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Home owner Trang Vo talks about how they are finally getting to work on the house in earnest now that they have a FEMA trailer. Nearly a year after the flood, the city-parish says they're still getting calls to pick up debris. Local officials got an extension from FEMA so they can get reimbursed for collections right up to the year anniversary, so crews are still going out picking stuff up Wednesday July 12, 2017, in Baton Rouge, La..

Mayor-President Sharon Weston Broome is trying to marshal Baton Rouge leaders to oppose the federal decision to begin charging rent to families still living in government-owned manufactured housing units since the 2016 flood.

"I am grateful for the extension for residents to continue utilizing FEMA MHUs as they continue their recovery. ... But to charge rent to our citizens who are not in these MHUs by their own choice is unfathomable," Broome said in a Friday afternoon statement.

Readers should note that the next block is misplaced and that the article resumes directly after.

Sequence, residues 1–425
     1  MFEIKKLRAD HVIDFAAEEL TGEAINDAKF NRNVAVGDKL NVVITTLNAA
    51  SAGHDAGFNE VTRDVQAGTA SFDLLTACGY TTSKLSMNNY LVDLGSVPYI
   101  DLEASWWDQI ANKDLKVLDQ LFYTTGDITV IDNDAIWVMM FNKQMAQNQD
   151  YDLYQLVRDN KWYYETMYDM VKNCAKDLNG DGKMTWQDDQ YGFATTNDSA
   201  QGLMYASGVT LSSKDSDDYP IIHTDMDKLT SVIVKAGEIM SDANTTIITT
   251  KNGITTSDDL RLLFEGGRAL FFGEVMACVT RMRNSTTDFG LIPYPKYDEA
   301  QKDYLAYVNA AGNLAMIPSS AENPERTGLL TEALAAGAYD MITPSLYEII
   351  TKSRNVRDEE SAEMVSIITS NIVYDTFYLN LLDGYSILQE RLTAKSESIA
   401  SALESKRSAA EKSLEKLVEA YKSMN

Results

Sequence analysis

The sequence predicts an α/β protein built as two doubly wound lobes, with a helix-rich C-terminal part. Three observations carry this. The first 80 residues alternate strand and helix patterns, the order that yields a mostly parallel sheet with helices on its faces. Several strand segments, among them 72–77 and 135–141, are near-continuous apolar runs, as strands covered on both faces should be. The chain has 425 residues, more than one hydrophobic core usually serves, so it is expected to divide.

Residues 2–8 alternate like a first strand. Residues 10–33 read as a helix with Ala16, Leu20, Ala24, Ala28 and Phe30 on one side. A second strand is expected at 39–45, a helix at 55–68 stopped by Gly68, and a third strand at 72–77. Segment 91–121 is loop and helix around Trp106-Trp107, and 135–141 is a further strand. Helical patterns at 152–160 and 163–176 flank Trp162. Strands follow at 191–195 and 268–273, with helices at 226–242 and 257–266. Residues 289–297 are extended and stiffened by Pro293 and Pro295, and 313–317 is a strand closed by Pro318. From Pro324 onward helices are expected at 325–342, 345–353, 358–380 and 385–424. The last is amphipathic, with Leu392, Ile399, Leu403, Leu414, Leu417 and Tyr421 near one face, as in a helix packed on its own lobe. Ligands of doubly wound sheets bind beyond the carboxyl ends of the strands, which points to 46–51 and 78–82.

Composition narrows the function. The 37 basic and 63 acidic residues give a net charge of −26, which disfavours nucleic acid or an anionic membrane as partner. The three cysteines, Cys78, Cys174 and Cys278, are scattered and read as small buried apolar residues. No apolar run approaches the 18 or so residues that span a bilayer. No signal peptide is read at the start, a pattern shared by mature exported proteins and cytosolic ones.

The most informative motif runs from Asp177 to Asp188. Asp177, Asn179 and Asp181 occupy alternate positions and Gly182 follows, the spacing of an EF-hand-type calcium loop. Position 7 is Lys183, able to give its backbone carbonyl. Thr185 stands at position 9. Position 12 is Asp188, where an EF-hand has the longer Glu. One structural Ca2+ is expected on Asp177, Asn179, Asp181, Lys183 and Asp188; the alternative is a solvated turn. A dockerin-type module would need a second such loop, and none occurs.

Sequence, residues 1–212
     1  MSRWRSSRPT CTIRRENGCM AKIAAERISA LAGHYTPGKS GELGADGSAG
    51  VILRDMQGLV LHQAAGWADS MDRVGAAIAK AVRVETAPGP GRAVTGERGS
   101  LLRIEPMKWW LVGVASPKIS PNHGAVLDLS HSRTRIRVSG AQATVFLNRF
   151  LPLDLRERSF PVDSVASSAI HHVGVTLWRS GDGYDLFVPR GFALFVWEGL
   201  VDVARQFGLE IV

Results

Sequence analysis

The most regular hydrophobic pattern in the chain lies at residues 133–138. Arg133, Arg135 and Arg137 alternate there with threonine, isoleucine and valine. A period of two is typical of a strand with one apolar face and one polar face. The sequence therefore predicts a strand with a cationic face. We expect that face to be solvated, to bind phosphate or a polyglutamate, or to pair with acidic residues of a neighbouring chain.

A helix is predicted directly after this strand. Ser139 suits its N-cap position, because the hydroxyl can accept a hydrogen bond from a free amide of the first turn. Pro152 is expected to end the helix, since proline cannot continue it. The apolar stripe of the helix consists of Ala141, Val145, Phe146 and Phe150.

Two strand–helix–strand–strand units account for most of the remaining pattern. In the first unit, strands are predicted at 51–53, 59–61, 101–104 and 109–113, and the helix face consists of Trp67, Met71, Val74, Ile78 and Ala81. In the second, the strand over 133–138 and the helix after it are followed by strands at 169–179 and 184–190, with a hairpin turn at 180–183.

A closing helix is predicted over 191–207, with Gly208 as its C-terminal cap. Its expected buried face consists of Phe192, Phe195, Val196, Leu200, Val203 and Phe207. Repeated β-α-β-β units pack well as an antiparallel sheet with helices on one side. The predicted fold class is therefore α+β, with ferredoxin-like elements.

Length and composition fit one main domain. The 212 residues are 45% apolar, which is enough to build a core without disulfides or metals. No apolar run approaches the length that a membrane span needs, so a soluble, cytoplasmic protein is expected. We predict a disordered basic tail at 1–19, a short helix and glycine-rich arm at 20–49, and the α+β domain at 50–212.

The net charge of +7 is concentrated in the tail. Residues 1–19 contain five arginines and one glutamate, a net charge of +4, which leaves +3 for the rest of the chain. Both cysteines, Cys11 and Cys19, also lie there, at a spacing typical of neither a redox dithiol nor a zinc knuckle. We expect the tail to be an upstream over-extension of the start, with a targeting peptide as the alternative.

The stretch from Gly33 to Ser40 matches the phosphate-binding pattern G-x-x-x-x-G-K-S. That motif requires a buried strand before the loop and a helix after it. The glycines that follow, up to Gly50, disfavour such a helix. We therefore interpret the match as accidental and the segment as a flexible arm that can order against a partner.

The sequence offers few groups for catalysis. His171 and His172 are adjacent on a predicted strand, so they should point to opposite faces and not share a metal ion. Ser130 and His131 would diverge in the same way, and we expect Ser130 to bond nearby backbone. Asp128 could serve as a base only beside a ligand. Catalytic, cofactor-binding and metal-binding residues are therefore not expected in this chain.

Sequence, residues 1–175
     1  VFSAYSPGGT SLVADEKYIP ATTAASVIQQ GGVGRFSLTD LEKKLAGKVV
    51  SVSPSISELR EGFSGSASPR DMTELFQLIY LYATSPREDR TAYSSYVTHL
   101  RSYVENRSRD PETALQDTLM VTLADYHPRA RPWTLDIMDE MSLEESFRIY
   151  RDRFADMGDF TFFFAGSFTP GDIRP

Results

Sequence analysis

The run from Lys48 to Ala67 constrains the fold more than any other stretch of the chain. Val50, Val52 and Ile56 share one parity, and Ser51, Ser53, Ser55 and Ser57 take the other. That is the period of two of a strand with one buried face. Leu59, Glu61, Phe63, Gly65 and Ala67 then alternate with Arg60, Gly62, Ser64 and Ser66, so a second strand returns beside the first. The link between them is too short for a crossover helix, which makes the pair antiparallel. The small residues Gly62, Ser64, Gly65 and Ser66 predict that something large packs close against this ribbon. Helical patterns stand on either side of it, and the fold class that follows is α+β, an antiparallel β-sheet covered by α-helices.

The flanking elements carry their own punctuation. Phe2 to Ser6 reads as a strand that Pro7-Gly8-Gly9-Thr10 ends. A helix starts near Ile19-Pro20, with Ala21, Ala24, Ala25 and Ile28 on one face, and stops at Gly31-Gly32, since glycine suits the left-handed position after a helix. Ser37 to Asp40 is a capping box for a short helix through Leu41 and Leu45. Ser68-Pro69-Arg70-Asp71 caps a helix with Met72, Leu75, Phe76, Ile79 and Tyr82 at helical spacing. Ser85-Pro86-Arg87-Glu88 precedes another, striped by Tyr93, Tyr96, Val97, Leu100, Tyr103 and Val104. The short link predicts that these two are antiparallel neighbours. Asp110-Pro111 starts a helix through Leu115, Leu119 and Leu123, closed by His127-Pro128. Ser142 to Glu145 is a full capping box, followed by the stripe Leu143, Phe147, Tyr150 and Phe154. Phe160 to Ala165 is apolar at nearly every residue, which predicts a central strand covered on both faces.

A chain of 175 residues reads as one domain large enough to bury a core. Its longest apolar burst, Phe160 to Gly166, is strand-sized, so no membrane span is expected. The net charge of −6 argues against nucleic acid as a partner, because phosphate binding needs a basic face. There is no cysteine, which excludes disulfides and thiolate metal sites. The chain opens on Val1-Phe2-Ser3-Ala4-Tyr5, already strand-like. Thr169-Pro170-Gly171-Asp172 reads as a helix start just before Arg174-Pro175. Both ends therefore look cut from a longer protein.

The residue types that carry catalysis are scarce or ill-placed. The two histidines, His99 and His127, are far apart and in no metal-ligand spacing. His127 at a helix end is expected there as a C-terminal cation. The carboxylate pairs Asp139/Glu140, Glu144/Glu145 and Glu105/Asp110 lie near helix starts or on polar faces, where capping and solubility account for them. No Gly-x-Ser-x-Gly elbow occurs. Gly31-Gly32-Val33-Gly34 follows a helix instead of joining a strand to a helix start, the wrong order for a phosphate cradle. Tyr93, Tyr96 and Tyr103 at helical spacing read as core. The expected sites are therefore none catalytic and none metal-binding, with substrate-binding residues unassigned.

"I want to be on record in conjunction with the state in opposing this decision to charge rent."

FEMA has extended their manufactured housing unit program through May 15 but intends to begin charging rent starting March 1. Rent would range from $789 per month for a one-bedroom unit to $1,155 for a three-bedroom unit.

Broome has introduced a Metro Council resolution calling on FEMA to continue waiving fees, out of consideration for residents who "are experiencing complications with accessing funds, contractor availability, supply of building materials, contractor fraud, limited affordable rental housing units and landlord leasing requirements."

Council members are scheduled to take up the resolution and decide whether to sign it at Wednesday's council meeting.

Councilman Buddy Amoroso, who co-authored the local ordinances allowing mobile homes to be placed on private property, said he wants to protect people in manufactured housing units. However, he also wants to protect neighborhoods and maintain zoning rules.

Temporary housing can't be allowed to become permanent housing, Amoroso said. Charging rent is intended to encourage families in emergency mobile homes to move back into typical residences.

The councilman said he wasn't going to second-guess FEMA, though nor did he want to disparage the mayor's effort. Amoroso said he would review the proposal and check in with Congressman Garret Graves's office before committing to vote one way or the other.

Follow Steve Hardy on Twitter, @SteveRHardy.